Sean Parnell

America’s Rape State

Alaska Gov. Sean Parnell (R)

A note at the outset: This is Alaska, after all. Not that such a point should provide any comfort. Rather, quite the opposite. Still, though, as appalling as the situation might be, it’s just another day on the Last Frontier.

The Alaska National Guard is facing down some grave allegations: A recruiter trying to give alcohol to high school girls, botched responses to sexual assault complaints, embezzlement, a former porn company owner keeping his job despite military investigators finding that he failed to respond to sexual assault, and whistleblowers terrified to speak out.

The alleged misconduct, detailed in an assessment by the National Guard Bureau’s Office of Complex Investigations and in investigations by local news outlets, is threatening the re-election bid of incumbent Alaska Gov. Sean Parnell (R). The governor, who is commander in chief of the Guard, fired three top officials from the military unit this week. His office has said that he took action each time he was made aware of misconduct, and that he was ultimately misled by his top general.

But Parnell’s critics—including whistleblowers and victims—claim that his office failed to do enough to respond to allegations of abuse over several years. Local news outlets are now suing the governor’s office to get access to internal emails that may show how much Parnell knew about the allegations, and what he did in response.

(Liebelson)

A question for Governor Parnell:

While it is easy enough to imagine that the brass might wish to downplay the number of sex crimes in the Alaska National Guard, what is your threshold insofar as we might understand the minimum number of sexual assaults before you find the behavior problematic?

What’s the number, Governor? Five? Ten? Is it greater than one?

And what are the criteria? Is groping “no problem”, while coerced oral sex is only “kinda problematic”? How about forced vaginal intercourse? Is that not so bad, from a gubernatorial point of view, as forced anal sex? At what point, Governor Parnell, do you decide this is actually a problem you need to do something about?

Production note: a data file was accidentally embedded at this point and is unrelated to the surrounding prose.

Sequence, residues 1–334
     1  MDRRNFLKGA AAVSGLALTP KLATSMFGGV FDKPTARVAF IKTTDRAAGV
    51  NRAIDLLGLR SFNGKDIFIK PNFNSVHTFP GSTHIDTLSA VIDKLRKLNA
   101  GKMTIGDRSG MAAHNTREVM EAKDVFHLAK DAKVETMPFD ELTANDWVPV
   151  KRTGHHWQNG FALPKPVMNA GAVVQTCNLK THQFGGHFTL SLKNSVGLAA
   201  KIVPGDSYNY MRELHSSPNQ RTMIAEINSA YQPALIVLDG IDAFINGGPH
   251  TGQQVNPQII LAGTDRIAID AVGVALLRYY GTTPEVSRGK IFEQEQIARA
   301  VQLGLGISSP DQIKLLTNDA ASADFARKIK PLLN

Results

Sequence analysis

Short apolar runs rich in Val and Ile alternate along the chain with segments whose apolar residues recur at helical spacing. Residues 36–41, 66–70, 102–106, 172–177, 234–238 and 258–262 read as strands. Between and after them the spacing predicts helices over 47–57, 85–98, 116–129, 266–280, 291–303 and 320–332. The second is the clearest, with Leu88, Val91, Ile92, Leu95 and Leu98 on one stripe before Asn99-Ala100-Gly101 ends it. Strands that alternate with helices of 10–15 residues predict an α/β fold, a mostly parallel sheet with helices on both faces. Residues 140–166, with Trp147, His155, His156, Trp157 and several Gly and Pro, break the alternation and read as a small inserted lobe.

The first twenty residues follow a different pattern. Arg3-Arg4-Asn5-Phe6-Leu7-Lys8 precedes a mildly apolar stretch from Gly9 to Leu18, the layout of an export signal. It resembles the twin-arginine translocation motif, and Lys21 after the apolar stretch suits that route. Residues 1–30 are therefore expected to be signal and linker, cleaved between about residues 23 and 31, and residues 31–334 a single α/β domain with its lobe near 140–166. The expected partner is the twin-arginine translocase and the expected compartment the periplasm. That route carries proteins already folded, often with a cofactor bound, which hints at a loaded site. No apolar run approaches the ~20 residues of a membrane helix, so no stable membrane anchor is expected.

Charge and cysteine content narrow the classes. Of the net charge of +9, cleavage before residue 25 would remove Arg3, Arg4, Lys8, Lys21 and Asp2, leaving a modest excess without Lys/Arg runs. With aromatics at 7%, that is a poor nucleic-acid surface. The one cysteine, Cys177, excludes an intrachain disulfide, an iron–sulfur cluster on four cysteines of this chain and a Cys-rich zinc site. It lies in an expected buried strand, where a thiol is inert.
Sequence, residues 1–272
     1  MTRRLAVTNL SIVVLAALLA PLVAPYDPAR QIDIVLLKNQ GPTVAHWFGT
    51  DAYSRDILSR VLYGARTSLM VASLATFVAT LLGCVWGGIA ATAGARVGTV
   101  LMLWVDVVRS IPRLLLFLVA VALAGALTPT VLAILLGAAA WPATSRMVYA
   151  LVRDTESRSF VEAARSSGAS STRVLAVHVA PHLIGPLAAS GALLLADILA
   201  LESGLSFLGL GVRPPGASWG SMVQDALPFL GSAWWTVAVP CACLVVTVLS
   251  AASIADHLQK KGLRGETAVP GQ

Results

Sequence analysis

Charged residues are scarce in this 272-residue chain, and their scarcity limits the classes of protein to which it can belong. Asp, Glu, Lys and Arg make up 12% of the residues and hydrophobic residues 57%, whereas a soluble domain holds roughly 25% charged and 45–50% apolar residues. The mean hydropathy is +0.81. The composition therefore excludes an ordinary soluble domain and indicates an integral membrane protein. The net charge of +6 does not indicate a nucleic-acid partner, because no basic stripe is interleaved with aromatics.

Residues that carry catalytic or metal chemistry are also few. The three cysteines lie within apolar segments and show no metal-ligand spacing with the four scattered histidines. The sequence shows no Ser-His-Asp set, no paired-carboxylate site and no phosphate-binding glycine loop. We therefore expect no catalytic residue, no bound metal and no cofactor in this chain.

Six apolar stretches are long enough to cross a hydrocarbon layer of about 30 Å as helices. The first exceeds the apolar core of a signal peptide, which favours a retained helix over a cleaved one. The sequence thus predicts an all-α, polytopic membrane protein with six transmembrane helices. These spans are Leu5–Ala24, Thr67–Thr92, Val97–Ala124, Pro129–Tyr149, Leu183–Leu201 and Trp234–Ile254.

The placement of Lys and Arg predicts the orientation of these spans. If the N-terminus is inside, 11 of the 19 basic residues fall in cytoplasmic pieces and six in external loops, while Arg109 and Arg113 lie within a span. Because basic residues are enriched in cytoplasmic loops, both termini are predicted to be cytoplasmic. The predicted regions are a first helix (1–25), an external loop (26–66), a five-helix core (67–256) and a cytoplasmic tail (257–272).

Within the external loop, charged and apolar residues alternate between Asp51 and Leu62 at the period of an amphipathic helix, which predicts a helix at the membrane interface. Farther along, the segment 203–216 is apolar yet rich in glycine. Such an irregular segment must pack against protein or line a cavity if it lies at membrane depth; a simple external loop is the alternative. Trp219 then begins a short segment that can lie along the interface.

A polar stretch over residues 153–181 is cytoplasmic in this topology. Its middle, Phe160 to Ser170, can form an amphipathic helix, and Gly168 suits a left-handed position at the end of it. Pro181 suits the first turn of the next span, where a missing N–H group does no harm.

No, really.

The Last Frontier is also America’s Rape State.

And no, Governor, you should not be proud of your contribution to that title.

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Liebelson, Dana. “Alaska National Guard Sex Abuse Scandal Threatens GOP Governor’s Re-election”. The Huffington Post. 22 October 2014.

Alaska, Losing

Detail of the Seal of the State of Alaska

Perhaps the biggest mystery of the recent judicial avalanche in favor of marriage equality is the absence of Article IV in what are clearly Article IV cases. Consider Hamby v. Parnell, a case striking Alaska’s marriage ban.

Perhaps it is the lack of an Article IV claim, as opposed to Judge Heyburn’s decision in Kentucky that intentionally bypassed the Full Faith and Credit Clause of Article IV. Still, though, Judge Timothy M. Burgess, appointed to the District of Alaska by President George W. Bush, finds his way through to strike the ban according to Due Process and Equal Protection under Amendment XIV. Still, though, in a case in which four couples are demanding their marriages from other states be recognized in Alaska, it would seem Full Faith and Credit should be a glaring issue.

To take an example, my father has been married twice, once each to different women. In his first marriage, the couple lived in three different states and a foreign country over the years. They never had to remarry in any of those jurisdictions; the Washington state marriage was sufficient, an act and record of one state recognized in another. In his second marriage, the couple has lived in two states and spent an extended period in Mexico. They did not have to remarry in any other jurisdiction; their Oregon marriage sufficed for other states and, indeed, other countries. This, ultimately, is what is at stake. Perhaps Article IV won’t come into it until a state refuses another state’s marital record in order to force the couple to repeat the ceremony and pay out for licensing in the new state.

The bottom line, however, is that another state’s marriage ban has collapsed under constitutional weight. This much, at least, is hardly mysterious.

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Burgess, Timothy S. “Order”. Hamby v. Parnell. United States District Court for the District of Alaska. 12 October 2014.